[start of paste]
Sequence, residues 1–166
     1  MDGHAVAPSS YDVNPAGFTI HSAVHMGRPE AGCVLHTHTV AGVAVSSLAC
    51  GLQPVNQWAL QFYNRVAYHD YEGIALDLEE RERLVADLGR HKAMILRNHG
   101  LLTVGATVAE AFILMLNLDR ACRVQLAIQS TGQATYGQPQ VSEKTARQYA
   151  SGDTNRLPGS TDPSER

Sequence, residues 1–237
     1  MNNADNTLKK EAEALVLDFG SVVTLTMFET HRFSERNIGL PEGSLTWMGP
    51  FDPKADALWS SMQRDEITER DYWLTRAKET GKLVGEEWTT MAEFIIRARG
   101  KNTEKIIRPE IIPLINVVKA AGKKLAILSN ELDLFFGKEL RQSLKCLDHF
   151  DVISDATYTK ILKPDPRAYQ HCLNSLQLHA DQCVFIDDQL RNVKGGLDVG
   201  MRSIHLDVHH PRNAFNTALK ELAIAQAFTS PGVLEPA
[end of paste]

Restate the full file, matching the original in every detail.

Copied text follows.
Sequence, residues 1–166
     1  MDGHAVAPSS YDVNPAGFTI HSAVHMGRPE AGCVLHTHTV AGVAVSSLAC
    51  GLQPVNQWAL QFYNRVAYHD YEGIALDLEE RERLVADLGR HKAMILRNHG
   101  LLTVGATVAE AFILMLNLDR ACRVQLAIQS TGQATYGQPQ VSEKTARQYA
   151  SGDTNRLPGS TDPSER

Sequence, residues 1–237
     1  MNNADNTLKK EAEALVLDFG SVVTLTMFET HRFSERNIGL PEGSLTWMGP
    51  FDPKADALWS SMQRDEITER DYWLTRAKET GKLVGEEWTT MAEFIIRARG
   101  KNTEKIIRPE IIPLINVVKA AGKKLAILSN ELDLFFGKEL RQSLKCLDHF
   151  DVISDATYTK ILKPDPRAYQ HCLNSLQLHA DQCVFIDDQL RNVKGGLDVG
   201  MRSIHLDVHH PRNAFNTALK ELAIAQAFTS PGVLEPA